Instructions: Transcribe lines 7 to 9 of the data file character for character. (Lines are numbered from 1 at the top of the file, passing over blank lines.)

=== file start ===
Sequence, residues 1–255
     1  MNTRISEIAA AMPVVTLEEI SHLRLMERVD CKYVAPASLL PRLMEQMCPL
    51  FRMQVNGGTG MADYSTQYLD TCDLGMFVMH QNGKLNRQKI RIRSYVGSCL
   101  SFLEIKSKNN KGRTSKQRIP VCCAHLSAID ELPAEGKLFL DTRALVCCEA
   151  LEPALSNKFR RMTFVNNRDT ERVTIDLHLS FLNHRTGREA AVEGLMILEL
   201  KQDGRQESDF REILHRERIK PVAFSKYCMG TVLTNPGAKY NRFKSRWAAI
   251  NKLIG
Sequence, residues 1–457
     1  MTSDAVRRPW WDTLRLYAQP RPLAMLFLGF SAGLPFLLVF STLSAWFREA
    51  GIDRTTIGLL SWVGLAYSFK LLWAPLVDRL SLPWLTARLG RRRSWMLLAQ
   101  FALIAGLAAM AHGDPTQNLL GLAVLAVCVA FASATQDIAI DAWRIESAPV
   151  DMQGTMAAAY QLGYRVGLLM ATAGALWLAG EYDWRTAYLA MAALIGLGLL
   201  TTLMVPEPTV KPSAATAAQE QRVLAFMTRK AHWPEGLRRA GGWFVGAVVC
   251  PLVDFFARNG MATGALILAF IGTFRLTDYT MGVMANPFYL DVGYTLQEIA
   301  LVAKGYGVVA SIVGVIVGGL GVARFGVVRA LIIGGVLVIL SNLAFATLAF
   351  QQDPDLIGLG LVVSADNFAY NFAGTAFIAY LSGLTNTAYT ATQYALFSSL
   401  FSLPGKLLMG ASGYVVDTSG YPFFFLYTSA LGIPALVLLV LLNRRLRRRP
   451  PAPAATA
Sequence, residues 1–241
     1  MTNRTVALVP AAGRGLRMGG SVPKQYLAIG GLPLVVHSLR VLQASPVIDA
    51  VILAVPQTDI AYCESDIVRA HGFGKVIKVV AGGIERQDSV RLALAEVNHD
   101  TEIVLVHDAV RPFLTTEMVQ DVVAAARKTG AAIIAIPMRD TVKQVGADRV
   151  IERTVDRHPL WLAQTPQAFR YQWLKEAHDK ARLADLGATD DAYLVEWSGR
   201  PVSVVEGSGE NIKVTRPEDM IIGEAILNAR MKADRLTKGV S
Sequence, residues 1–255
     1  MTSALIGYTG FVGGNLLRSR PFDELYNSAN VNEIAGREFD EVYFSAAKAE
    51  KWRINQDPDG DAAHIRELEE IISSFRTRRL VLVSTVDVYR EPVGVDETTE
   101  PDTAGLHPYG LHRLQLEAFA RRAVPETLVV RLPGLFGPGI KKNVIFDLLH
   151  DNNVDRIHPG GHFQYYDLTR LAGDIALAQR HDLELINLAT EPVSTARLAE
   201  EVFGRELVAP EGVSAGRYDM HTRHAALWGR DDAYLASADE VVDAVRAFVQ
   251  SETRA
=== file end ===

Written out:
   251  NKLIG
Sequence, residues 1–457
     1  MTSDAVRRPW WDTLRLYAQP RPLAMLFLGF SAGLPFLLVF STLSAWFREA